The founding partners of Pugh + Scarpa, the Santa Monica-based studio that won the 2010 AIA Architecture Firm Award, announced this week that they have parted ways. While breakups can be laden with conflict, Lawrence Scarpa emphasizes that their split has been cordial. “It has not been a nasty divorce, so to speak,” he says. “We’ve done it amicably.” 

Lawrence Scarpa, Gwynne Pugh, Angela Brooks
Photo © Joe Woolhead

Gwynne Pugh officially left the 22-year-old firm on September 1 to start his own enterprise, Gwynne Pugh Urban Studio. Scarpa remains at the helm with Angela Brooks, who became Pugh + Scarpa’s third principal in 1999. They will keep the firm’s name for the remainder of this year, but plan to change it to Brooks + Scarpa in 2011.

Pugh and Scarpa’s decision to split up, after leading the firm together since 1991, “was relatively quick, and happened over the course of the last three months,” says Pugh. “Larry kind of wanted to go his own way, and there were opportunities that I saw for going in a different direction than he was interested in, so it was a mutual kind of process.”

“It’s artistic differences,” says Scarpa. “I don’t see it as a hiccup or a left-hand-turn, or anything like that. It’s just part of the natural evolution of where I’m going with the firm.”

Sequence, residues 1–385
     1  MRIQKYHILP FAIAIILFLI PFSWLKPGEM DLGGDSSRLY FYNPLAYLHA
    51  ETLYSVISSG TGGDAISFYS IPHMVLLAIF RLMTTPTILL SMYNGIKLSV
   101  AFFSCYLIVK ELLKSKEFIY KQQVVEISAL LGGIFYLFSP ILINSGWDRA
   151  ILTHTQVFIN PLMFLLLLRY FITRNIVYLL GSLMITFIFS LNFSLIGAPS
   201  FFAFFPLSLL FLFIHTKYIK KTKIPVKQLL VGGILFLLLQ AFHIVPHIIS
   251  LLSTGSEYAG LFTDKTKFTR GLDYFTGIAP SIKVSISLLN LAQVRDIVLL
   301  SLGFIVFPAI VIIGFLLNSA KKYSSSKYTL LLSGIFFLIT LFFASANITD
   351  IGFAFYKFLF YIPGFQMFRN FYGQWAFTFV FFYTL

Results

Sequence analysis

Scarpa hints that there will be some sort of new direction at the firm, but declines to provide specifics. “That will be forthcoming when we do the name change,” he says. “I try not to say too much, because it can only spiral out of control.”

At Gwynne Pugh Urban Studio, Pugh says he plans to broaden the scope of his work to include larger urban design projects. “Certainly, I’ll be continuing to practice architecture of the nature that we have practiced,” he says, “but also of interest to me is architecture in its environment. I’m on the planning commission of the city of Santa Monica, and I act as an urban design consultant to a number of cities, including Long Beach and San Diego. So, I’ll really be exploring that, and also working with developers to create architecture that’s more compatible with the environment.”

Pugh says he doesn’t currently have plans to bring Pugh + Scarpa staff members over to his new firm; however, he has hired a former employee who recently was let go. “Essentially,” he says, “I’m working at a smaller scale at this time.”